The world has undergone much change in the name of development and progress, particularly over the past century. I think it is relevant to understand the fundamentals of the basic existential tenets of life and how ‘the self’ has come before ‘service’ or before ‘others’.

The Ideas Series

…The lockdown period and the many don’ts that we continued to follow subsequently have been an eye-opener, telling us that less is sufficient and that we had merely got used to excess in most things. Imagine, we had even got used to air pollution! Faced with a stay-home-or-risk-your-life situation, many of us fell back on what we had all but forgotten – our creativity and our instinct to find joys in the little things. Sure, there was restlessness, worry and fear, but these happened alongside a different sort of unravelling of our minds which made us see things we had forgotten to notice. Rainbows for example, or rivers and blue skies. The music that happens in nature when the sound of traffic dies out. There were reports of sightings of animals in our otherwise urban jungles.

Maybe these were signs that it wasn’t too late yet. Too late for what, some may be wondering. Well, too late to turn back the clock on an environmental disaster that has been in the making through the decades of decadence and will someday choke us human beings out of existence. Sure, it’s not going to be you and me or even our children, but what about their children and their children’s children? Does the possibility of their existence in a cold world not disturb us, or does it sound dystopian, the stuff of science fiction… Read the full introduction to the series here.

In an effort to understand what leaders at various organisations are doing towards making a sustainable world a reality, CauseBecause reached out to them and asked what they can do to make sustainable living a way of life and how do they see their role as individuals as well as leaders in organisations. The participants include:

Anirban Ghosh, Mahindra
Gayatri Divecha, Godrej
Rajiv Williams, Jindal Stainless
Ramji Raghavan, Agastya International
Rashmi Soni, Vistara
Shalini Singh, Tata Power
Vijay Sethi, Hero MotoCorp
Vikram Gulati, Toyota Kirloskar Motor

This thought is directly linked to individual responsibilities, responsibilities towards neighbours and towards the environment, and responsibility towards the businesses and work we are engaged in. I believe that we need to understand the rudiments of responsibility as embodied in the acronym I AM – that is, introspection, adoration and mutual respect.

If we truly ‘introspect’ on how we can improve the environment around our abode, the realisation will dawn that we have failed in our responsibilities over the years and should earnestly think about ‘what’ we need to do to change ourselves and our way of life. It is this driver which will lead to inner reflections on our habits and our lifestyles. Appreciation and ‘adoration’ of what we have and what we see around us will make us realise our responsibility towards preservation and help us to harmonise various actions like responsible consumption, responsible disposal, and responsible mutual understanding. This leads me to the third piece, mutual respect. Mutual respect is not limited to just another individual with whom we interact, but includes the environment as well. If we respect nature, then assuredly the converse will be visible.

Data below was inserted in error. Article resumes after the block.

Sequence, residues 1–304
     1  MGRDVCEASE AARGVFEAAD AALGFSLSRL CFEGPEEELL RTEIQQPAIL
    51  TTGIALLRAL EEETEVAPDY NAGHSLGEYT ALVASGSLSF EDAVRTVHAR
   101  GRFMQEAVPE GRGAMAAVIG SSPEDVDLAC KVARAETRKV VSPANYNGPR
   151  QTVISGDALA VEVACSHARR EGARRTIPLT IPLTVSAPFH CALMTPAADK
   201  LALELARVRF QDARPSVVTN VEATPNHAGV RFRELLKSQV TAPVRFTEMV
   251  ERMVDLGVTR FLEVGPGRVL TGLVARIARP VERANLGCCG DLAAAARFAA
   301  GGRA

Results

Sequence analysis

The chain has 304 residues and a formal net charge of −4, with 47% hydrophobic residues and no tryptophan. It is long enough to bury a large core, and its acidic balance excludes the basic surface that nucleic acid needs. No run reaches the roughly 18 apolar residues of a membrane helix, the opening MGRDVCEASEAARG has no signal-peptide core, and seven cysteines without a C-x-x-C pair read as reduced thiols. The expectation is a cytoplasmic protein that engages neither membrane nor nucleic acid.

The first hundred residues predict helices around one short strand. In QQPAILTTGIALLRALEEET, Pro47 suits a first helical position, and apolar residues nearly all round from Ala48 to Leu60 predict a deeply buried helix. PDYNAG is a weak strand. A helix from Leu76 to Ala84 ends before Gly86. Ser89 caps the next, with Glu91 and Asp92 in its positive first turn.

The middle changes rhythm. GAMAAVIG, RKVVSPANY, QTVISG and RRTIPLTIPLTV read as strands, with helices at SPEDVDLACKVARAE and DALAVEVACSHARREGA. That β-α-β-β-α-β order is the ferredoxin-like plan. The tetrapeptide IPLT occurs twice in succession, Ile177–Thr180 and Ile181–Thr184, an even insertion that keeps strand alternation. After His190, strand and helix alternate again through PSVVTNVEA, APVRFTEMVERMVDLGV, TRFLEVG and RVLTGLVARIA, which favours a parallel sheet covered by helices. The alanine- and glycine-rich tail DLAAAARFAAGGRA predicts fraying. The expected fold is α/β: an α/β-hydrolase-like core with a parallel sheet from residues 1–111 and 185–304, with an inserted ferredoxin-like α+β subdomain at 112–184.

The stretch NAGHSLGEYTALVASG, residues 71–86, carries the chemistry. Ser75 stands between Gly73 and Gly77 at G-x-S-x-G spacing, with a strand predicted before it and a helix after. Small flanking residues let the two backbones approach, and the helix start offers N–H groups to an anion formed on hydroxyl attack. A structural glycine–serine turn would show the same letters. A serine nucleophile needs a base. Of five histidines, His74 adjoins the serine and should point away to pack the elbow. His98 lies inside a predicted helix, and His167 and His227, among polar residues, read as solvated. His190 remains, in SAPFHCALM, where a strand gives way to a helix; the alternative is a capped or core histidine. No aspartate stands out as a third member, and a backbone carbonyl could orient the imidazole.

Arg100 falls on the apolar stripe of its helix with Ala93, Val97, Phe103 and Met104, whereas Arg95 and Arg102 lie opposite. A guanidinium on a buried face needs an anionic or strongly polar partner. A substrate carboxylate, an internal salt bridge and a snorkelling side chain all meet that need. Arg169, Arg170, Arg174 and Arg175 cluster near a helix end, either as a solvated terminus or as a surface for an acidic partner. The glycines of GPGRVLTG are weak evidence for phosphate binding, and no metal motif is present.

There is a perceptible change in attitudes of people, with greater awareness being spread through various media. For example, do we really need to dispose of this, and if so, how? Such questions help us to, firstly, rethink on whether we need to procure a particular item, which may not be necessary, or if we have to purchase it, how do we optimally use and reuse it before we throw it away? Next, how do we dispose of it in a responsible way? Can we do with a little less and encourage local markets in producing quality products, which may be more expensive yet will have a direct impact on the lives of people through markets and in turn will create a healthier environment?

In sum, individual social responsibility has to flow from within. It is the small things that make a house a home – and our efforts must be on to make it happen, with passion and dedication. 

–As leaders/decision makers

Leaders can make a significant difference to an institution, an organisation, or any group they represent by sharing their vision on collective responsibility. Firstly, we need to know our working environment, which is a critical component in decision making, where self-interests must always remain subdued to group interests and interests of all stakeholders. These stakeholders include the employees of the organisation, the supply chain, customers, government, communities, and so on. It is, therefore, important to assess a situation and blend the actions in such a manner that they are acceptable, sustainable, and stakeholder-driven.

Rajiv Williams is Corporate Head – CSR, Jindal Stainless Limited Group

A major initiative undertaken by JSL is to do with climate change and introduction of climate-resilient technology, resulting in reduction of carbon emissions. The process is presently work in progress and various initiatives have since been taken in the areas of reduction in power consumption. In addition, with detailed R&D various initiatives have been taken, like usage of liquid Fe-Cr, which again has facilitated in reducing power consumption, thereby further reducing carbon emissions. As per World Steel Association and International Energy Agency, with the various processes introduced by JSL, the corporation has been able to reduce 25,000 tons of CO2 emissions in 2018–19, which is a significant step towards CO2 mitigation. Efforts are on to reach further targets and be a leader in the space of environmental sustainability.